On long-range commitments

I suspect a lot of Canadians must have missed the vote where Parliament approved a five-plus year extension to combat duty in Afghanistan. But based on a new statement from the Department of National Defence, we can look forward to massive military expenditures with a minimum of oversight - and an Afghanistan mission dragged out to match:
Canada's military will streamline a cumbersome buying system to ensure personnel are given modern equipment for the battle in Afghanistan, a senior bureaucrat promised Thursday.

Dan Ross, assistant deputy minister of materiel, told a defence industry audience in Halifax that he is the midst of a “transformation” of the military's purchasing arm, in part to buy hardware for troops fighting in Kandahar province...

They (department staff) aren't dragging along the old process, the 15-year process,” Mr. Ross said during his speech, referring to the traditional period of time the military has required for major expenditures...

In an interview following his speech, Mr. Ross said he expected major purchases to take less than five years from conception to first delivery...

Military procurement will see a massive ramping up in the next two or three years, said Mr. Ross.
Now, the move toward a shorter procurement time in and of itself wouldn't be a problem. But based on the deals being offered as precedents, it looks like less transparency and competition will also be part of the streamlining.

In the meantime, while procurement may become less transparent under the Cons, the long-term plans for indefinite involvement in Afghanistan couldn't be much more clear. A concerted effort to spend large amounts of money on resources specifically targeted toward Afghanistan can only lead to claims that we'd might as well leave our troops in harm's way to get some use out of the new equipment. And if the Cons are going to make commitments with that effect, then it's definitely time for a full debate about whether Canadians want to be carrying more than their weight in the mission in either the short term or the long term.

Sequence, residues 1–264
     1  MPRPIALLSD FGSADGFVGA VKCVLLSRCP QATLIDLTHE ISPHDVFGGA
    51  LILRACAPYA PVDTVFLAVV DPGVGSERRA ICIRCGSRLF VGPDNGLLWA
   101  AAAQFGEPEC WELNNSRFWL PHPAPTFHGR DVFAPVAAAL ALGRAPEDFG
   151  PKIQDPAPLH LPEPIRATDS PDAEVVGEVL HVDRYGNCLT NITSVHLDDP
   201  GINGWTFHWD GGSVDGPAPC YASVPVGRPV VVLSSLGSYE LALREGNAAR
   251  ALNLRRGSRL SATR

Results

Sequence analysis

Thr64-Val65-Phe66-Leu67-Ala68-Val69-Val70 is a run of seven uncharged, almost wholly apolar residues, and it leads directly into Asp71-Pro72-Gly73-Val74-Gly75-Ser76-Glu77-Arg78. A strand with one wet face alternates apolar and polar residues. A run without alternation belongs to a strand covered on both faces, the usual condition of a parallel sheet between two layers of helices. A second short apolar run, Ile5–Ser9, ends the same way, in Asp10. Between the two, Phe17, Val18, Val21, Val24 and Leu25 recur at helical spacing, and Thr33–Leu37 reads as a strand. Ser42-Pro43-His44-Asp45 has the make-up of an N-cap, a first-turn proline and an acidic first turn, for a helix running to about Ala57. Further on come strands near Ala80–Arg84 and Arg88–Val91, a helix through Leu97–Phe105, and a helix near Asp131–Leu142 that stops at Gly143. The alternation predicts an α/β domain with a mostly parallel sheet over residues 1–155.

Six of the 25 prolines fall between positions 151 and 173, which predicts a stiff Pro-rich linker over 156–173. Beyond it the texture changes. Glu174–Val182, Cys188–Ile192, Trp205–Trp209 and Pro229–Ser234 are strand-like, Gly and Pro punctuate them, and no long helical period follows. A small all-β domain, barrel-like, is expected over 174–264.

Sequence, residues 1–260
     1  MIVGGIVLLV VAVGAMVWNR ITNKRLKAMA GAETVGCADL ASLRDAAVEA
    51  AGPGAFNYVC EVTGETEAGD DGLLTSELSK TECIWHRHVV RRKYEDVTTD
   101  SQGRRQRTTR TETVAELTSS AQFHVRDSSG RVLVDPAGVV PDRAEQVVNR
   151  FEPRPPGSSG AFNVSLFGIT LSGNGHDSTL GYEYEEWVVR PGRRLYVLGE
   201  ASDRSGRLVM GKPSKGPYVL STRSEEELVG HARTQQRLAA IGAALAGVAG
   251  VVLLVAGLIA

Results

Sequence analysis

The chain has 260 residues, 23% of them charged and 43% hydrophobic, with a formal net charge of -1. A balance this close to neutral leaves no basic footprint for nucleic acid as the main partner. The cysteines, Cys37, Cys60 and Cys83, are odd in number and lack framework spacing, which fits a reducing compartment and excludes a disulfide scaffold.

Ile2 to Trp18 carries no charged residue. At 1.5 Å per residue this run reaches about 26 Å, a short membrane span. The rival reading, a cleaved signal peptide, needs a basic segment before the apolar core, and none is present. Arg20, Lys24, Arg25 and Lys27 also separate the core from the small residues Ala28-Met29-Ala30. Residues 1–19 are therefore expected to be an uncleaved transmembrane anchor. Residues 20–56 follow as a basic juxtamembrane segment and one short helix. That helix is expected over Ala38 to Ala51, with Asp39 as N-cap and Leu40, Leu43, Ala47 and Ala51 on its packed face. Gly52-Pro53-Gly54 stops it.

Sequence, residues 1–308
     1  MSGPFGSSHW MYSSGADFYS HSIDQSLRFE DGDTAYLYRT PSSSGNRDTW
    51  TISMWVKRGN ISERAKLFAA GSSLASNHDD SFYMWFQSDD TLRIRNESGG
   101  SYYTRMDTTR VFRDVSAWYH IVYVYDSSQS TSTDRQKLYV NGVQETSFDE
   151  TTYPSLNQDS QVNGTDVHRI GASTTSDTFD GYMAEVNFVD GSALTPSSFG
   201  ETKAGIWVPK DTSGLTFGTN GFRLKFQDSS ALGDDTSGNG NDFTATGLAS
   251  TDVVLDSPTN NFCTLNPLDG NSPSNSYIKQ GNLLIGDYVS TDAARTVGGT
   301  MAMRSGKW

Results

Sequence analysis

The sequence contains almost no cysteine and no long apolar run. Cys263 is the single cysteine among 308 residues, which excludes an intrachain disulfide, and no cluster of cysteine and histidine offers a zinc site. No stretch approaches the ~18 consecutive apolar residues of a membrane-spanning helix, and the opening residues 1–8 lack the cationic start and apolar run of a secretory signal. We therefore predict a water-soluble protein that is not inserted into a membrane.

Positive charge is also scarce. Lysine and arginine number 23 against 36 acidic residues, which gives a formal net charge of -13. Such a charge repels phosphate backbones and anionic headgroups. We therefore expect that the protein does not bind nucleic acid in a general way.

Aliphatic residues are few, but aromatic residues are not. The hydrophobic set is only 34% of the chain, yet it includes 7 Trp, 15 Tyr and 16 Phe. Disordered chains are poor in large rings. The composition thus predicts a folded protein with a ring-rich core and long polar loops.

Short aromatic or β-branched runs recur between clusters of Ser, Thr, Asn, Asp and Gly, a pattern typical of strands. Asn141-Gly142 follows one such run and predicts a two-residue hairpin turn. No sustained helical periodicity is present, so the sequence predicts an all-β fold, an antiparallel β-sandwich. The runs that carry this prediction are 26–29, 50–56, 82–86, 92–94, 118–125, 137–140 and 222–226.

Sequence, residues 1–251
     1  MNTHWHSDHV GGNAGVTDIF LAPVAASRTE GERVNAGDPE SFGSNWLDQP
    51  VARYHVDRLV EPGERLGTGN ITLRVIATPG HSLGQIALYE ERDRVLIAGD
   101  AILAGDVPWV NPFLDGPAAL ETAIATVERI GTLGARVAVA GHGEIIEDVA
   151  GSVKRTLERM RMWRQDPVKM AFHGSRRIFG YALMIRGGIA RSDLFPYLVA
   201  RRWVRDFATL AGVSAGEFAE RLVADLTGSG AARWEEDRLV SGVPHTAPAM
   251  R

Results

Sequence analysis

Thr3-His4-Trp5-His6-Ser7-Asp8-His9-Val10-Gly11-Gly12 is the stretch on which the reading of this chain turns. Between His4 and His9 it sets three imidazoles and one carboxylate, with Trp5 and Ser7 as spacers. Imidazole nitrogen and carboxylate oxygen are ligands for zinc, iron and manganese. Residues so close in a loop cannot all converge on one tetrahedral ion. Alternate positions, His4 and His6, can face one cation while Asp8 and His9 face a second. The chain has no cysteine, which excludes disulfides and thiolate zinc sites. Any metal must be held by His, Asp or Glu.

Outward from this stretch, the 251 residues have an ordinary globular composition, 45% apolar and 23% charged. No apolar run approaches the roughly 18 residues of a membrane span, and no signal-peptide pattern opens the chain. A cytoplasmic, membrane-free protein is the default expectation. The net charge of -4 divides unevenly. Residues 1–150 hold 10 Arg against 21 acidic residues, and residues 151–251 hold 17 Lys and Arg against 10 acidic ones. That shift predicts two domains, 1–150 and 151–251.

On sellouts

Gilles Duceppe has announced that the Bloc won't bother defending Canada's softwood lumber industry against the Cons' attempt to sell it out. Between this and the Bloc's inexplicable decision to support PMS' budget earlier this year, it's hard to see why any progressive Quebecker would want to keep supporting the party which is actually providing the votes to enable the Cons' demolition of both social and economic interests alike. Which should make the NDP convention and the Lib leadership race all the more interesting, as both parties look to take up some of the votes and seats now held by the one party in Parliament which truly has proven itself to be useless.

(The NDP is already criticizing Duceppe's move - though I'd disagree with Layton's statement that this is only "strike two" rather than the last straw.)


Olivia Chow rightly criticizes the lack of representation for advocates of provincial participation and public-sector investment on the Cons' new advisory committee on child care:
Daycare advocates slammed the federal Conservatives yesterday, saying a new ministerial advisory committee on child care is unnecessary and biased against non-profit daycare.

MP Olivia Chow (NDP—Trinity-Spadina) said the nine-member committee appointed this week by Human Resources Minister Diane Finley is "packed" with private-sector appointments while provinces, and not-for-profit experts in child-care delivery are marginalized.

"The advisory committee is unbalanced, unaccountable and shows the minister's extraordinary unwillingness to work with the provinces and experts to create real sustainable child-care spaces," said Chow...